The first post this week is a nice editorial in Business Standard about the reasons behind the AAP victory.  

Along the same lines, the next article writes about how Arvind Keriwal’s cabinet is likely to be one of the youngest cabinets in India with an average age of 37.

That’s it for politics, now on to something completely different, which is how the brain physically looks like when you’re in love; very interesting.

Another opinion piece on the economic optimism and frustration of India.

Sachin Tendulkar writes about the world cup.

On Mahendra Singh Dhoni. Nice to see this appear in a Pakistan newspaper.

Finally, If symptoms of being sick (mucous, sore throat, fatigue) are immune system responses, what does the cold virus actually do?

Enjoy your weekend!

“HDFC Focused Equity Fund – Plan A” NFO Review – Tax Saving RGESS u/s. 80CCG

This post is written by Shiv Kukreja, who is a Certified Financial Planner and runs a financial planning firm, Ojas Capital in Delhi/NCR. He can be reached at skukreja@investitude.co.in

It is that time of the year again when people start exploring tax saving options other than their routine 80C investments and one of those options is Rajiv Gandhi Equity Savings Scheme (RGESS). A few days back, Kunal asked me to review one such scheme launched by HDFC mutual fund under this category.

Here is what he had quoted:

Kunal February 9, 2015 at 12:08 pm

Dear Shiv

Can you please review the Mutual Funds coming up under Rajiv Gandhi Equity savings scheme. I believe right now – HDFC RAJIV GANDHI EQUITY SAVINGS SCHEME is Open. It would be good if you can review and list pros and cons of investing there as it seems like close ended with 3 year lock in, but normally everyone advertise equity mutual fund in long term more than 5 yrs or so. Is this scheme or others like it really worth the risk.



Before I focus on HDFC’s new fund offer, let me first share some features of RGESS.

What is RGESS and under which section it provides tax benefits to its investors?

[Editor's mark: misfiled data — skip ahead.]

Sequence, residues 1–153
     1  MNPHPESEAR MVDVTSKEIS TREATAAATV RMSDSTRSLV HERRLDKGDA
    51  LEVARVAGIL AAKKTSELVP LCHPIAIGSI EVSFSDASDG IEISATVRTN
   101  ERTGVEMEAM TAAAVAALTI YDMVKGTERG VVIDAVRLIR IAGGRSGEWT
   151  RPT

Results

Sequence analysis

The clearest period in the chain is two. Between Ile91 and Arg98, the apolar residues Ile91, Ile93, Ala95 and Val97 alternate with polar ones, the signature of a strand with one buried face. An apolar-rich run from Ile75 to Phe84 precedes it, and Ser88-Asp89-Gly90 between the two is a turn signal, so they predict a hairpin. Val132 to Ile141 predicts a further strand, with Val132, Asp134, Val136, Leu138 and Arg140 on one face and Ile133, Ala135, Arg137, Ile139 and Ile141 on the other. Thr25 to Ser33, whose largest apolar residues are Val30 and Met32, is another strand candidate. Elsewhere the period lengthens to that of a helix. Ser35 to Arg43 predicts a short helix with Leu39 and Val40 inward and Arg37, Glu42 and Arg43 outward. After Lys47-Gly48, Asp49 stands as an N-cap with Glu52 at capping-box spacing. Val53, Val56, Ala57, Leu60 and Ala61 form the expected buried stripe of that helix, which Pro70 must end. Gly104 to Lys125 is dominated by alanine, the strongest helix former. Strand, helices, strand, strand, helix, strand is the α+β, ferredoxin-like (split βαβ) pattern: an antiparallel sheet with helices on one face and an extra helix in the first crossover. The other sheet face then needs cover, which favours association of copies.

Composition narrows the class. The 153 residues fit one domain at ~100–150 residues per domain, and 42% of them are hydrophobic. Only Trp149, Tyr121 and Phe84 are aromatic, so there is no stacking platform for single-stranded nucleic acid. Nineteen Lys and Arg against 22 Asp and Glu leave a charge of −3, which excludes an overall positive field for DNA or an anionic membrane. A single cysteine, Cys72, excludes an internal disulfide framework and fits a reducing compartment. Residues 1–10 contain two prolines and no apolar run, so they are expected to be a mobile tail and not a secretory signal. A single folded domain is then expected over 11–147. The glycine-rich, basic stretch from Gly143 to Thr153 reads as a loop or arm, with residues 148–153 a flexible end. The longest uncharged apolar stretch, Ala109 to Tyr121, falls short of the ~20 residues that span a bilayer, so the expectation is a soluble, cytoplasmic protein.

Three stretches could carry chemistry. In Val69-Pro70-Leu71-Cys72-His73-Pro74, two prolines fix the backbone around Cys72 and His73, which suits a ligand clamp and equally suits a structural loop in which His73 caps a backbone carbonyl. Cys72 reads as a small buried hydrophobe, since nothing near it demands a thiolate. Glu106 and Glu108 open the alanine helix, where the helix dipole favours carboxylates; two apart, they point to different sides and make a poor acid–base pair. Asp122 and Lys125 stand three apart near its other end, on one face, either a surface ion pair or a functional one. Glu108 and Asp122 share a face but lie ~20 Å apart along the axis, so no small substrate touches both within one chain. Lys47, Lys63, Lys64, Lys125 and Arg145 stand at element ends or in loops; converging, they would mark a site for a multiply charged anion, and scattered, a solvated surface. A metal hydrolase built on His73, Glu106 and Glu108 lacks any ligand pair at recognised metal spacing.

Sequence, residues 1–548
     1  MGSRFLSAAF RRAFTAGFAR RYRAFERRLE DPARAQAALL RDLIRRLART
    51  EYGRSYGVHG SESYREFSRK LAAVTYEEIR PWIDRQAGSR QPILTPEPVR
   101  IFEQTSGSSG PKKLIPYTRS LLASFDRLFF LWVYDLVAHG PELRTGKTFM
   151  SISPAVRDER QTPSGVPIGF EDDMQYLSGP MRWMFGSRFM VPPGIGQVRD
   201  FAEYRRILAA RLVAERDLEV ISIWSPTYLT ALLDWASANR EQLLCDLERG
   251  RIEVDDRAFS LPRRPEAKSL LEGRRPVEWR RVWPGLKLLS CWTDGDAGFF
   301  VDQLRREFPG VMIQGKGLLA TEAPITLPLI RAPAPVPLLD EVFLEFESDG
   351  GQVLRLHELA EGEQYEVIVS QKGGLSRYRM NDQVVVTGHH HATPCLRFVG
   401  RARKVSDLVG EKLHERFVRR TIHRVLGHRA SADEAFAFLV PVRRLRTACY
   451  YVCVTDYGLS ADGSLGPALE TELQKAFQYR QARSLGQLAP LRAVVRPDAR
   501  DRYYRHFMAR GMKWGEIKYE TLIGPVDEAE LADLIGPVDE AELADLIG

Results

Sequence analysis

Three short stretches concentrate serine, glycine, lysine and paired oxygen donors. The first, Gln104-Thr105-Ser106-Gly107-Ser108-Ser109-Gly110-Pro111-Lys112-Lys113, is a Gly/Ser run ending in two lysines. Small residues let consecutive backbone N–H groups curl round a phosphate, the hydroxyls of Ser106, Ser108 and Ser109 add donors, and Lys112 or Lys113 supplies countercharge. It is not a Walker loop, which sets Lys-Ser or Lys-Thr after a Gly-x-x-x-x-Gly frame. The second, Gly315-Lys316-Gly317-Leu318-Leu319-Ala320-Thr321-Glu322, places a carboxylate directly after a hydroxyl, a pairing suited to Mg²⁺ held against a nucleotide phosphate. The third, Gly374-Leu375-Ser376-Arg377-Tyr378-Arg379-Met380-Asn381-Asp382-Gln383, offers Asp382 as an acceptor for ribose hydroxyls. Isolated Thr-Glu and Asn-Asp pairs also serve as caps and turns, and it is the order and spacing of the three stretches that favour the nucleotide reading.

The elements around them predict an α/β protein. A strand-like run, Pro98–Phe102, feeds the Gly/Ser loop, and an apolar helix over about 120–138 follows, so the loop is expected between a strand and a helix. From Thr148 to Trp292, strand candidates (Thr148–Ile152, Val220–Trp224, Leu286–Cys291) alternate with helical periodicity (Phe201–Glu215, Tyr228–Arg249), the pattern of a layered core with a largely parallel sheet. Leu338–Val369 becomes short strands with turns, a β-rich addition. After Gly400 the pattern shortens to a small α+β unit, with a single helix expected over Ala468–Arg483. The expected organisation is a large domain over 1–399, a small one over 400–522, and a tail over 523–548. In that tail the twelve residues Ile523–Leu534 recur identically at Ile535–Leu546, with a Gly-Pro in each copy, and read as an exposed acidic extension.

Investment in Rajiv Gandhi Equity Saving Scheme provides tax exemption to its investors under section 80CCG of Income Tax Act, 1961. Manshu covered RGESS when it got introduced during financial year 2012-13.

As per Section 80CCG of the Income Tax Act, 1961, a resident individual who is a ‘New Retail Investor’ and acquires listed equity shares or listed units of equity oriented mutual fund in accordance with the RGESS, is entitled to a deduction of 50% of the amount invested from his total income to the extent the deduction does not exceed Rs.25,000.

These schemes provide tax exemption of up to Rs. 25,000 on an investment of up to Rs. 50,000 i.e. 50% of the amount invested and carry a lock-in period of 3 years.

There are certain conditions which a retail investor needs to fulfill in order to avail tax benefits u/s 80CCG. Here are those conditions:

* The gross total income of the investor for the relevant year should not exceed Rs.12 lakhs.

* The investor should be a ‘New Retail Investor’ as per the definition of RGESS.

* The investment should be made in such listed equity shares or listed units of equity oriented mutual fund as specified in RGESS.

* The investment is locked-in for a period of 3 years as provided in RGESS.

Who is a New Retail Investor?

New Retail Investor means a resident individual:

* Who has not opened a demat account and has not made any transactions in the derivative segment before the date of opening of a demat account or the first day of the relevant year, whichever is later.

* Provided that an individual who is not the first account holder of an existing joint demat account shall be deemed to have not opened a demat account for the purposes of RGESS.

* who has opened a demat account but has not made any transactions in the equity segment or the derivative segment before the date he designates his existing demat account for the purpose of availing the benefit under RGESS or the first day of the Initial Year, whichever is later.

HDFC Focused Equity Fund – Plan A